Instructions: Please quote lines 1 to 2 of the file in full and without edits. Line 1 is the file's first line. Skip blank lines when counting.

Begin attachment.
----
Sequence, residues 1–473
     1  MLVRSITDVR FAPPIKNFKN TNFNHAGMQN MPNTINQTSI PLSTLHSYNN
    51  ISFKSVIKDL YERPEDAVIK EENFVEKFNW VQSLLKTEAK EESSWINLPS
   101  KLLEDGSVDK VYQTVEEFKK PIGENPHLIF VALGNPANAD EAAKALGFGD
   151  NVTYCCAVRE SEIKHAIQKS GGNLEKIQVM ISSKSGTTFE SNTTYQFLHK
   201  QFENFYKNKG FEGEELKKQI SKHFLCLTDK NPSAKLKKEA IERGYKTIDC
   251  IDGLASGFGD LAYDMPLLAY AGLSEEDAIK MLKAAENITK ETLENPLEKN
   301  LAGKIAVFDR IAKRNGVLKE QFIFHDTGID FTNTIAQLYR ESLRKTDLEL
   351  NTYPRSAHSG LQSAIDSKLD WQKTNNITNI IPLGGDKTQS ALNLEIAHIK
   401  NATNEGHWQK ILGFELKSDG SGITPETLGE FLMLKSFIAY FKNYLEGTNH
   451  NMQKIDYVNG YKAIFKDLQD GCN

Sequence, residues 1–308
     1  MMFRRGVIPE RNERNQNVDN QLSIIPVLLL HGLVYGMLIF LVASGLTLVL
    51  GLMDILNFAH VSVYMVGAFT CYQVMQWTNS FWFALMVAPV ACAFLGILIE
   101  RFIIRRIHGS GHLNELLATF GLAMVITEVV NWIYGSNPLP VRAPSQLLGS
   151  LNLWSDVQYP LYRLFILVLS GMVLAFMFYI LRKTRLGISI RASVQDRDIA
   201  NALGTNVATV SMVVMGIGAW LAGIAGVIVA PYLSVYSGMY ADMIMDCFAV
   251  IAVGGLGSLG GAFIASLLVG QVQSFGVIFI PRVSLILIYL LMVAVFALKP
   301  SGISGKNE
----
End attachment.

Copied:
Sequence, residues 1–473
     1  MLVRSITDVR FAPPIKNFKN TNFNHAGMQN MPNTINQTSI PLSTLHSYNN